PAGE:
It would be convenient if the resulting legislation was simple and compact. Unfortunately, the gay people have only recently begun exploring what sorts of relationships they value. There are others worth institutionalizing that have not even been imagined yet.

Indeed, it seems that much of the harm derives from too much of the legislation, and not from the lack of same. In most "civillized" countries there are all kinds of laws regulating the family life of citizens, for example:

  • income tax benefits, or extra payments connected to the marital status;
  • inheritance tax reliefs for surviving spouse, children and other close relatives;
  • custody rights of parents on children (and deprivation of personal rights of children);
  • compulsory provision of alimony to current and former spouses, and to first-grade relatives;
  • visiting rights in hospital, discriminating in favour of the biological family and against other people;
  • automatical transfer of property to relatives upon person's death, in case there is no will left -- or often against the will of the deceased person;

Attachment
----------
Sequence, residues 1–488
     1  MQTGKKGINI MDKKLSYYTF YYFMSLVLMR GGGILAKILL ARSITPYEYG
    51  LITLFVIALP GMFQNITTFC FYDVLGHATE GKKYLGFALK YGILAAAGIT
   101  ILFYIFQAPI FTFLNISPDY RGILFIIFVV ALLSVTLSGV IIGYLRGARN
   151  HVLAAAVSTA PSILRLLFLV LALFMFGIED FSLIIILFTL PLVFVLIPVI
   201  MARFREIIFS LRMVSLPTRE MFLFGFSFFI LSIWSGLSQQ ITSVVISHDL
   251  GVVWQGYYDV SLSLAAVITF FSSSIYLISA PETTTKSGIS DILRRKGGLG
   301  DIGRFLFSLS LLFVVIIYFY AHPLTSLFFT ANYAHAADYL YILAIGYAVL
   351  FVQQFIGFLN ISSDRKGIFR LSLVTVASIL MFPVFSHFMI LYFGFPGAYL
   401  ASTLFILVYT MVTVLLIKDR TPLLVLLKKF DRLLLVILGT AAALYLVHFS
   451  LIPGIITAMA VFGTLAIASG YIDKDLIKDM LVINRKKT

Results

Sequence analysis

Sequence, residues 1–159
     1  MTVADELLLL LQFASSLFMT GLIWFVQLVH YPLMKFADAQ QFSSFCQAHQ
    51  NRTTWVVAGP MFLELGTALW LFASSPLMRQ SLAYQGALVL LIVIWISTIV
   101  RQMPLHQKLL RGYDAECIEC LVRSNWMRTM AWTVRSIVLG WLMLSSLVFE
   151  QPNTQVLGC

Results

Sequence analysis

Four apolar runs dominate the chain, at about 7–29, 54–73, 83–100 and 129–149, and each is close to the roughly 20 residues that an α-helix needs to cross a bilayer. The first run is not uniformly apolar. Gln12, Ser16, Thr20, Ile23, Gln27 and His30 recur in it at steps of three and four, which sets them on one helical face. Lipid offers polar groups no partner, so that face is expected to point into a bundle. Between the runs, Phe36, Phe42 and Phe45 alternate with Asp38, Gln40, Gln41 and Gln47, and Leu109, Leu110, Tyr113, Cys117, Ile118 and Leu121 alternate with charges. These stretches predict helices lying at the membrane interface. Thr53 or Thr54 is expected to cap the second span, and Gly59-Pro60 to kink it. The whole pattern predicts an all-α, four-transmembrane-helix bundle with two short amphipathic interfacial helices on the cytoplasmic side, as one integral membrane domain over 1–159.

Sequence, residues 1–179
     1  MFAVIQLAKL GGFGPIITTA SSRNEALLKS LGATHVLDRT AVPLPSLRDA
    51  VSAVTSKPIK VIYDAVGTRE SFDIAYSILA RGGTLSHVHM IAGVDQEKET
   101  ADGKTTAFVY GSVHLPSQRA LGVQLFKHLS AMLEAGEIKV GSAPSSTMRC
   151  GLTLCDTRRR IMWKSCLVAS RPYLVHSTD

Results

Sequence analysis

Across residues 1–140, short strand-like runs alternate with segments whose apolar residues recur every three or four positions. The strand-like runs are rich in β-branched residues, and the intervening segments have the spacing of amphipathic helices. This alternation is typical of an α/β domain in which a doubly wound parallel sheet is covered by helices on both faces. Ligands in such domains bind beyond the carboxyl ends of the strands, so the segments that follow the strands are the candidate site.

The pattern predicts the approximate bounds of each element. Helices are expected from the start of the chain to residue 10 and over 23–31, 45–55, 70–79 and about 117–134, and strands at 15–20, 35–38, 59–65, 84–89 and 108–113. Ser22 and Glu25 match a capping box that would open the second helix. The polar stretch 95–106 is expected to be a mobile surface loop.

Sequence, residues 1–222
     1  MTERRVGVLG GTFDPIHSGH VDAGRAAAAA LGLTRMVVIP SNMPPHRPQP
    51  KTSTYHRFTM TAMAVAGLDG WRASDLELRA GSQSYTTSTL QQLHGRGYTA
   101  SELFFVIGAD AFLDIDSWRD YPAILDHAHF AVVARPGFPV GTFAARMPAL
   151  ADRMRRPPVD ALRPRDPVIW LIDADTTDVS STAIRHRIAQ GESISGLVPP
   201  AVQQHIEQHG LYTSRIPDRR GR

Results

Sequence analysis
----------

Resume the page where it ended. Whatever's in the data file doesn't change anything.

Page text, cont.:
• automatical inclusion of spouses and children into social and medical aid, while denying it to other persons;
  • protection of housing rights for surviving spouses/children of a deceased "head of the household", while denying such rights to other persons who used to live in the same household;
  • denial of a residency to non-citizens, while granting special rights to spouses and children/parents of a citizen or a permanent resident;


The usual understanding of essential legal categories is designed to reflect realities of the straight society founding on blood kinship and DNA: "children and parents" means "biological children and parents", "relatives" means "blood relatives" and "spouse" means "opposite-sex spouse". The legislations in question are constructed to preserve the man-woman-children-parents family and to ensure the transfer of property within the [biological] family -- wholly in accordance with the heterosexual tradition of genetic competition. Some might imply that all the benefits for the spouses and the children were founding on the "natural" affection among spouses or parents and children -- but this is not the case (at least in the legislations I am familiar with). For example, in Germany it is legally not possible to deprive one's children or first-grade relatives of their "statutory share" of the inheritance -- unless they attempted to murder one and proved thus "unworthy to inherit". One can muse about the sense of such legal provisions in the modern heterosexual society, but this is no topic in our discussion.